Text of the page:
Amazon to CPGs: Skip the Stores, Sell Direct

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Amazon to CPGs: Skip the Stores, Sell Direct

03/30/2017 has planned a meeting to convince CPGs to bypass brick-and-mortar chains and ship their products directly to consumers, has reported.

The Seattle-based ecommerce retailer has invited executives from General Mills, Mondelēz and other manufacturers to attend the three-day gathering in May, the news outlet stated. During the meeting, attendees will tour an Amazon fulfillment center and listen to a presentation from Jeff Wilke, Amazon's worldwide consumer CEO.

The intent is to get CPGs to think less about creating products that stand out on shelves and more about designing products that easily and quickly ship directly to consumers, Bloomberg said. For instance, laundry detergent could sell in stronger packaging that doesn't leak, compared to weaker packaging designed more to market the product in-store. Additionally, manufacturers could churn out products for individuals rather than filling trucks.

While it may sound like such changes still have some time to take place, Amazon already has convinced some manufacturers to redesign their packaging, according to the business news site. For instance, hard-to-open toy packaging, generally designed so to deter theft from stores, underwent a revamp when Amazon pushed manufacturers to make packaging that opens easier.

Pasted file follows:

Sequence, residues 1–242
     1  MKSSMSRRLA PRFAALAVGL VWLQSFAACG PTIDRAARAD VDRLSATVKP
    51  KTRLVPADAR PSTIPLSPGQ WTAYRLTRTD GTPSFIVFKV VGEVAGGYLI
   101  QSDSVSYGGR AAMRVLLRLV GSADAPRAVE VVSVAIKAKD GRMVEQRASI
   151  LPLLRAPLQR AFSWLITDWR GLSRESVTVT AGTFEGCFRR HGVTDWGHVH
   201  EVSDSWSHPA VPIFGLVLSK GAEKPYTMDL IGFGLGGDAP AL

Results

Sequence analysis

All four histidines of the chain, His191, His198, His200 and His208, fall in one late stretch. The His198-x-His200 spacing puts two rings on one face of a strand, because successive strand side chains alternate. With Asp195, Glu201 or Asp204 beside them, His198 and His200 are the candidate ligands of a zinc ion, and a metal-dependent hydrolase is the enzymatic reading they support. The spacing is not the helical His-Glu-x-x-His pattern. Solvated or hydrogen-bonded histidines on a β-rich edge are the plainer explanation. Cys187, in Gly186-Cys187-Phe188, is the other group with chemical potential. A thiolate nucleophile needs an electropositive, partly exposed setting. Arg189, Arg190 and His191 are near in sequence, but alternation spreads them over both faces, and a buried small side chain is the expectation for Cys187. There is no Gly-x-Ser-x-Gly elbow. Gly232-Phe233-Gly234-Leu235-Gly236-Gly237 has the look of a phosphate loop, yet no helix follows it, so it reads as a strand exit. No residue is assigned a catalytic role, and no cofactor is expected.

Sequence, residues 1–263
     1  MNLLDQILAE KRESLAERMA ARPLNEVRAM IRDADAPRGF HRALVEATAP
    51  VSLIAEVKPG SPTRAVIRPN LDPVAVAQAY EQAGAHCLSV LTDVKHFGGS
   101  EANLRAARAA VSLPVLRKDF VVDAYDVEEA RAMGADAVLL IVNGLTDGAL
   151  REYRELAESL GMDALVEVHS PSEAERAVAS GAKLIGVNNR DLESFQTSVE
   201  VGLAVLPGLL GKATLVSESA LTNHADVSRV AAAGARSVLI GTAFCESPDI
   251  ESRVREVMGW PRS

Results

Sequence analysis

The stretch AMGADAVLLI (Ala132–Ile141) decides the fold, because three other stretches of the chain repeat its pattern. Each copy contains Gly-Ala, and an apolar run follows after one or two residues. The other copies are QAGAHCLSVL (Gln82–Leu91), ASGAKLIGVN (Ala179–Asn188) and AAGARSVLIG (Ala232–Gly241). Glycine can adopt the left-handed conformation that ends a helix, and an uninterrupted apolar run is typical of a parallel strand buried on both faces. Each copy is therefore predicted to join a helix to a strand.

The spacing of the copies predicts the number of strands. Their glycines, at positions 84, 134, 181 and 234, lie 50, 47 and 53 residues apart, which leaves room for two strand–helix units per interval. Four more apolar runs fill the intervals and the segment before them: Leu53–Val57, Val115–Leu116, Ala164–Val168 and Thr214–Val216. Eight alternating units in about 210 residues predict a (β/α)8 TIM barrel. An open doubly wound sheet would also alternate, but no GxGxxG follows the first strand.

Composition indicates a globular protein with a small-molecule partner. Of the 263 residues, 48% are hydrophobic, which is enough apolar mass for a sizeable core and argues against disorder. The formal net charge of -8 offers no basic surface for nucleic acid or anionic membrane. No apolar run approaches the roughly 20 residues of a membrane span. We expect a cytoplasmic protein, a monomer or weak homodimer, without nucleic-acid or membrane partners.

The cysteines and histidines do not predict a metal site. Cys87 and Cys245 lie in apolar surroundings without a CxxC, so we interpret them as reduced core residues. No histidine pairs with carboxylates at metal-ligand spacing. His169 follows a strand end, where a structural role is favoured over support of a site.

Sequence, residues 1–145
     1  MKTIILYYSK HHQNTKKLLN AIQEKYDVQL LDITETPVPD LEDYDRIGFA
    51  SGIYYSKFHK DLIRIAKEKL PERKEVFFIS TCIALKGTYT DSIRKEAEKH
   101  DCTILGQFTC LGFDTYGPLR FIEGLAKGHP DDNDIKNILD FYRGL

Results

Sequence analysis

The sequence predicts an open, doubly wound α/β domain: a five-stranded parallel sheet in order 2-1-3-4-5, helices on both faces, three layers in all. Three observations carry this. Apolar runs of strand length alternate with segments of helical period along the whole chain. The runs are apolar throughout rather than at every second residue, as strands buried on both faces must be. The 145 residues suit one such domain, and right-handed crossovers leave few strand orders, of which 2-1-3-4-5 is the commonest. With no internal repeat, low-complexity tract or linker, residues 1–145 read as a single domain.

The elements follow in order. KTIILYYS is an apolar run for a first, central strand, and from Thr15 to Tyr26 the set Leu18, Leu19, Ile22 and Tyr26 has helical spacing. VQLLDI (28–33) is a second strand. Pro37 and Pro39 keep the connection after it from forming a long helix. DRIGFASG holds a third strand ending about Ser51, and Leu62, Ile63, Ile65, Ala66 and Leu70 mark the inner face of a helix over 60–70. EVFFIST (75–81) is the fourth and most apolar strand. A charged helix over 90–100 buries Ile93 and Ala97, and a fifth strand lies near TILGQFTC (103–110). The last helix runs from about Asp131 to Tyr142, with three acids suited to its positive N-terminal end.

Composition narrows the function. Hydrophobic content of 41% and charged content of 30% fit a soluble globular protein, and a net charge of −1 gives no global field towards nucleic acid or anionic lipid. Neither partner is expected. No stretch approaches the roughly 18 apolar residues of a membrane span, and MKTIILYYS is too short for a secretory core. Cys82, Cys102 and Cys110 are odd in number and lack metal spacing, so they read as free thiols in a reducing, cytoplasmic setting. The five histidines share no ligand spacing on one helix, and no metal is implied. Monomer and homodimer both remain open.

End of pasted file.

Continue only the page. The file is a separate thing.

The news comes at a time when major sparring is taking place between Amazon and Wal-Mart Stores Inc. on the ecommerce front. The Bentonville, Ark.-based behemoth has doubled down here through the acquisition of and several specialty ecommerce sites, the launch of a tech startup incubator, free two-day shipping and more, positioning itself as a growing threat to Amazon that could become an even bigger one in the coming years.

Amazon's move should come as no surprise to anyone watching the grocery industry, and it's highly likely that Walmart, Costco and other retailers saw this coming, says Tushar Patel, CMO of Kibo Commerce, a Dallas-based omnichannel solutions provider. At the end of the day, it's likely everything will come down to price, shipping times and fulfillment.

“In a recent survey, we found 70 percent of consumers said price is the most important factor when making purchases online, with product brand being the second most important factor – influencing 12 percent of consumers – and retailer brand the third most important factor at 6 percent," he states. "This obviously tells us that consumers will choose pricing over a retailer brand if they can obtain their desired product at the time required.”

No matter what decisions are made as a result of the May meeting, brick-and-mortar stores will remain a major player for selling direct to consumers, Patel assures. 

“We believe brands will stand to benefit from leveraging fulfillment best practices of big box retailers by utilizing locations, warehouses and logistics to implement options like buy online, pick-up in-store, return to store, or ship from store for their consumers,” he explains. “These brands have inherited channels they did not have before and can realistically compete with Amazon if they continue to focus on price, shipping and order fulfillment.”

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